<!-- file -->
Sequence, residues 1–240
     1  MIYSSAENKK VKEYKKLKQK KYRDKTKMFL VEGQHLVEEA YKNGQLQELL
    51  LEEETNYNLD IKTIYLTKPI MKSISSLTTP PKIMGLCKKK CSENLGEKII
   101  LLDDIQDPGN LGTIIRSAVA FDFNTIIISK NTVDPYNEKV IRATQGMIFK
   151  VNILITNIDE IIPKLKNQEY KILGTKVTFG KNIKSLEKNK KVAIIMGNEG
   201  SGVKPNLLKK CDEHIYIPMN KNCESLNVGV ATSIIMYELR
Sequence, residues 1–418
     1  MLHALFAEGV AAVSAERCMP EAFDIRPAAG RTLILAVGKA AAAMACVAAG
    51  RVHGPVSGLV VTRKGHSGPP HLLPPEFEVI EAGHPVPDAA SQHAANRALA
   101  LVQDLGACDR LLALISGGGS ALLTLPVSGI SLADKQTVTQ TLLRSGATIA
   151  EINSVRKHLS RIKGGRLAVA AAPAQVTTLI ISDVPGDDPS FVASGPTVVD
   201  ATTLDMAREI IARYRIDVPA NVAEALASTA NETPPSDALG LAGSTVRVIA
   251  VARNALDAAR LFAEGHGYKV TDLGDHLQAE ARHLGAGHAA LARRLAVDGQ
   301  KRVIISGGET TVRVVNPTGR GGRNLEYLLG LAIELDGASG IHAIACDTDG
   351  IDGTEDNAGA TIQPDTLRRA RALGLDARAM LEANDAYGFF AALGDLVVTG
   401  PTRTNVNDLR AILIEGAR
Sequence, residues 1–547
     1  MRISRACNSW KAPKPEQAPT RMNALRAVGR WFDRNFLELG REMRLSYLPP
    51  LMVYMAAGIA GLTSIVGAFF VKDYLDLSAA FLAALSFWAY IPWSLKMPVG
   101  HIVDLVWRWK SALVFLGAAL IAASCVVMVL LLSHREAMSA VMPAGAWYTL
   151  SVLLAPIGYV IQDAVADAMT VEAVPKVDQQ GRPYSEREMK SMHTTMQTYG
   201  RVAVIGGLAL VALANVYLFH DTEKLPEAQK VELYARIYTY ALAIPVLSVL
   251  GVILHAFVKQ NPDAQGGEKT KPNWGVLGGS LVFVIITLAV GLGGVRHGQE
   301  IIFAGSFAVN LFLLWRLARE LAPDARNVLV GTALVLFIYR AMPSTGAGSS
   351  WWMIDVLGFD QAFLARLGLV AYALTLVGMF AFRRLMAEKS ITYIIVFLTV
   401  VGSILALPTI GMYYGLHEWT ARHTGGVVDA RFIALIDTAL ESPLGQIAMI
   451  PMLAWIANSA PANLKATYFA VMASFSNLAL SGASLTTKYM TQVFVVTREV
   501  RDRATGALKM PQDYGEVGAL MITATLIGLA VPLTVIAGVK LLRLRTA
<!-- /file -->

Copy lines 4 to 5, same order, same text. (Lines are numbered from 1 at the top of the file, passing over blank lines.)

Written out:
   101  LLDDIQDPGN LGTIIRSAVA FDFNTIIISK NTVDPYNEKV IRATQGMIFK
   151  VNILITNIDE IIPKLKNQEY KILGTKVTFG KNIKSLEKNK KVAIIMGNEG